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High Court Of Delhi|03 July, 2012


1. These writ petitions have been preferred by M/s Pragati Builders and Promoters and its partners (W.P.(C.) No.4441/2011 and 4954/2011) and the Central Bank of India (W.P.(C.) No.6141/2011 and 6810/2011) to assail the common order dated 07.06.2011 passed by the Debts Recovery Appellate Tribunal, Delhi (DRAT) in Appeal Nos.256/2010 (arising out of S.A. No.50/2005 preferred before the DRT-II by M/s Ram Murty Pyare Lal and Sh. Subhash Aggarwal) and Appeal No.444/2010 (arising out of S.A. No.204/2005 preferred before DRT-II by Smt. Shruti Aggarwal, Smt. Anjana Aggarwal and Shri Gaurav Aggarwal). Whereas the petitioners in W.P.(C.) No.4441/2011 and 4954/2011 are aggrieved by the direction of the DRAT setting aside the auction sale in their favour, the Central Bank is aggrieved by the direction that the amount deposited by the auction purchasers be refunded with interest @ 6% p.a. from the date of deposit till realization. The factual conspectus may first be noticed.
2. M/s. Ram Murty Pyare Lal (a partnership firm) and its partners, late Shri Subhash Kumar and his son Mr. Amit Aggarwal (hereinafter referred to as „the borrowers‟) availed of credit facility from the Central Bank of India (hereinafter referred to as „the Bank‟). This loan was secured by equitable mortgage of property bearing No.BN- 34, Shalimar Bagh West, New Delhi. It appears that the defaults on the part of the borrowers started at an early stage and though the credit facilities were sanctioned on 25.8.2003, the account was declared as an NPA on 31.8.2004.
3. The Bank thereafter issued notice under Section 13 (2) of The Securitization and Reconstruction of Financial Assets and Enforcement of Security Interest Act, 2002 (hereinafter referred to as the „SARFAESI Act‟) on 9.9.2004 calling upon the borrowers to pay the outstanding amount of `98,64,986.99 within sixty (60) days. The amount was, however, not paid.
4. It appears that in order to frustrate the efforts of the Bank to recover the dues on 09.09.2004, a suit was filed by Ms. Shruti Aggarwal, sister of the wife of Mr. Amit Aggarwal, and Mr. Harish Aggarwal, father-in-law of Mr. Amit Aggarwal, for permanent injunction before the learned Senior Civil Judge impleading Mr. Subhash Kumar and Mr. Amit Aggarwal as the defendants. It was alleged in the plaint that the said two parties were tenants in respect of the two portions of the property, being the ground and the first floors, and the rents were stated to be `2,800.00 per month & `2,500.00 per month respectively w.e.f 01.09.1998. Thus, a case was sought to be made out of statutorily protected tenants under the Delhi Rent Control Act, 1958. Mr. Subhash Kumar and Mr. Amit Aggarwal appeared and gave undertakings that the said tenants will not be dispossessed except by due process of law. Thus, third party interest was sought to be created in the mortgaged property, purportedly dating back to a date even prior to the grant of the loan facility against equitable mortgage. Pertinently, Mr. Subhash Kumar had submitted an affidavit on 25.8.2003 that the property was under his self-occupation.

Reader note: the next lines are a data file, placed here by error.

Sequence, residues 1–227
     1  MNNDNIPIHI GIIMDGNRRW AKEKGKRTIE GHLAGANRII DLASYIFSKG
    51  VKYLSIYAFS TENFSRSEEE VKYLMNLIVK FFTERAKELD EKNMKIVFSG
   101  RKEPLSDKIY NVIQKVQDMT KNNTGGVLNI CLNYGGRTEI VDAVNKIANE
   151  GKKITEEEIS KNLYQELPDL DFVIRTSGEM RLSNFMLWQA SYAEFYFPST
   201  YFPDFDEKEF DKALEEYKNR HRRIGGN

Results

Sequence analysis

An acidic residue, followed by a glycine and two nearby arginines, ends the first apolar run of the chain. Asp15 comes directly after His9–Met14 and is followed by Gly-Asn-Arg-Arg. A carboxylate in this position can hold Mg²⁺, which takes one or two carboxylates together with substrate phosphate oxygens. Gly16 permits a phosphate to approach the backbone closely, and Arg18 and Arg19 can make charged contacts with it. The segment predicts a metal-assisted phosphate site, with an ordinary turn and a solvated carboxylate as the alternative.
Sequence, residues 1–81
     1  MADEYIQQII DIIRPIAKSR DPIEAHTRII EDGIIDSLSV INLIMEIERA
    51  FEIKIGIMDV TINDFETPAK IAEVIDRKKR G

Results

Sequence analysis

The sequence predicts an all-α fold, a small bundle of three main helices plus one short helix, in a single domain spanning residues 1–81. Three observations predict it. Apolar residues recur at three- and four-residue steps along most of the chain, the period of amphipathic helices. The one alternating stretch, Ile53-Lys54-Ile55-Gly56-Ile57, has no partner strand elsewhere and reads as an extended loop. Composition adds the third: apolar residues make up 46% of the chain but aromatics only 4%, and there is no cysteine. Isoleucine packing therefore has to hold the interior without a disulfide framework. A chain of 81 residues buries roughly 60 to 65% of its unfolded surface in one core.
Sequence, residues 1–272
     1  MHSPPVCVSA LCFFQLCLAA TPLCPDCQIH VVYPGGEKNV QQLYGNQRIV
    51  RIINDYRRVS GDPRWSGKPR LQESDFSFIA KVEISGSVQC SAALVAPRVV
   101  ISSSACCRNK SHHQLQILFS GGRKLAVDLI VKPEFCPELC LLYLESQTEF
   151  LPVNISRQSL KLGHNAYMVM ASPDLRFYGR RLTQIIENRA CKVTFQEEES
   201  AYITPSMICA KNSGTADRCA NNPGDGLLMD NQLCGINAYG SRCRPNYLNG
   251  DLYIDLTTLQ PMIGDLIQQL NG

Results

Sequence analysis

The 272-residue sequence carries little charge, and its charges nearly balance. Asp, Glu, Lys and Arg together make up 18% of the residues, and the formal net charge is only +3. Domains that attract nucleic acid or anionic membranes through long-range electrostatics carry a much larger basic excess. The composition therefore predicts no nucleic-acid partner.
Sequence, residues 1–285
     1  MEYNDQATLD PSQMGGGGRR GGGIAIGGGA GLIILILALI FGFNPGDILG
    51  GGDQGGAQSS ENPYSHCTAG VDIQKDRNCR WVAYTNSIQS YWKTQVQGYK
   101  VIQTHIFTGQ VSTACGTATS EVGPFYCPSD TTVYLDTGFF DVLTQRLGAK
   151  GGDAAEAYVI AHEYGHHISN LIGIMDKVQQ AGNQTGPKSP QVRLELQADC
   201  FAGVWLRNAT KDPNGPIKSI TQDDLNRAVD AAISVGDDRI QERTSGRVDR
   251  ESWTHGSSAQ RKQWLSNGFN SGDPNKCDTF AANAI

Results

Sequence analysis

5. We may add that an independent valuer had valued the property at the behest of the Bank wherein the property was recorded as in self- occupation as per the valuer‟s report dated 10.7.2002, and the market value of the property was assessed at `159.29 lakhs, while the realizable value in the eventuality of the sale by the Bank was determined at `145.00 lakh. The borrowers, while apparently resorting to these diversory tactics requested the Bank for grant of three (3) months‟ time on 20.10.2004 to pay the dues. At that stage, for the first time, sought to also raise the issues about the tenancy. The Bank responded to this letter on 6.11.2004 granting one (1) month‟s extension of time for payment of dues subject to deposit of 40 per cent of dues, and naturally denied the claim of any alleged tenancy. The fact remains that the dues of the Bank were not cleared.
6. The borrowers filed objections to the notice under Section 13 (2) of the SARFAESI Act on 9.11.2004, which was responded to by the Bank on 21.12.2004 as, in the interregnum period, the SARFAESI Act was amended by inserting Section 13 (3A), requiring that the objections of the borrowers, if not acceptable, would require a communication from the Bank giving reasons.
7. It appears that the Bank, once again, got the property valued taking into consideration the impending auction for recovery of dues and a valuation report was obtained from an approved valuer on 21.3.2005. As per this report the fair market value of the property was determined at `1,79,66,700.00 but the realizable value was assessed at a 30 per cent discount i.e. at `1,26,00,000.00. The possession notice was stated to have been pasted by the Bank at site on 6.4.2006 and was published in Veer Arjun, a vernacular language newspaper, on 13.4.2005 - though surprisingly, the notice was published in English language. On 05.05.2005, the notice was published in an English Daily, i.e., Business Standard.